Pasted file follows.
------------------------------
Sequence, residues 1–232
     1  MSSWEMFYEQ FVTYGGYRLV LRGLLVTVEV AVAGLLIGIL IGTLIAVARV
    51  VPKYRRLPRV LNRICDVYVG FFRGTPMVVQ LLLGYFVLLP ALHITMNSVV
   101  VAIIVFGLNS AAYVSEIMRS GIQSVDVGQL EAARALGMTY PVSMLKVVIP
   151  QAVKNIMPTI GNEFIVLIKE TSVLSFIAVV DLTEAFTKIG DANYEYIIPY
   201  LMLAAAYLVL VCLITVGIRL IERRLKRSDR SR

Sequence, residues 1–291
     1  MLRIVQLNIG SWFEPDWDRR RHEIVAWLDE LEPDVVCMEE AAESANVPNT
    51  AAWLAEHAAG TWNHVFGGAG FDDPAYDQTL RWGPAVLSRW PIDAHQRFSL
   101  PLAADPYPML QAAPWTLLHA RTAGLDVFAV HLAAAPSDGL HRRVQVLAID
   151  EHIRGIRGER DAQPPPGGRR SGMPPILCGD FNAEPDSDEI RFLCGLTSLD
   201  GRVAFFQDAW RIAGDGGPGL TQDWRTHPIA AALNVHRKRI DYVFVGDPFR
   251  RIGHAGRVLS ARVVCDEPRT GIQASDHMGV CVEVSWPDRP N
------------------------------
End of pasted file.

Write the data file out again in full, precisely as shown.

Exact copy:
Sequence, residues 1–232
     1  MSSWEMFYEQ FVTYGGYRLV LRGLLVTVEV AVAGLLIGIL IGTLIAVARV
    51  VPKYRRLPRV LNRICDVYVG FFRGTPMVVQ LLLGYFVLLP ALHITMNSVV
   101  VAIIVFGLNS AAYVSEIMRS GIQSVDVGQL EAARALGMTY PVSMLKVVIP
   151  QAVKNIMPTI GNEFIVLIKE TSVLSFIAVV DLTEAFTKIG DANYEYIIPY
   201  LMLAAAYLVL VCLITVGIRL IERRLKRSDR SR

Sequence, residues 1–291
     1  MLRIVQLNIG SWFEPDWDRR RHEIVAWLDE LEPDVVCMEE AAESANVPNT
    51  AAWLAEHAAG TWNHVFGGAG FDDPAYDQTL RWGPAVLSRW PIDAHQRFSL
   101  PLAADPYPML QAAPWTLLHA RTAGLDVFAV HLAAAPSDGL HRRVQVLAID
   151  EHIRGIRGER DAQPPPGGRR SGMPPILCGD FNAEPDSDEI RFLCGLTSLD
   201  GRVAFFQDAW RIAGDGGPGL TQDWRTHPIA AALNVHRKRI DYVFVGDPFR
   251  RIGHAGRVLS ARVVCDEPRT GIQASDHMGV CVEVSWPDRP N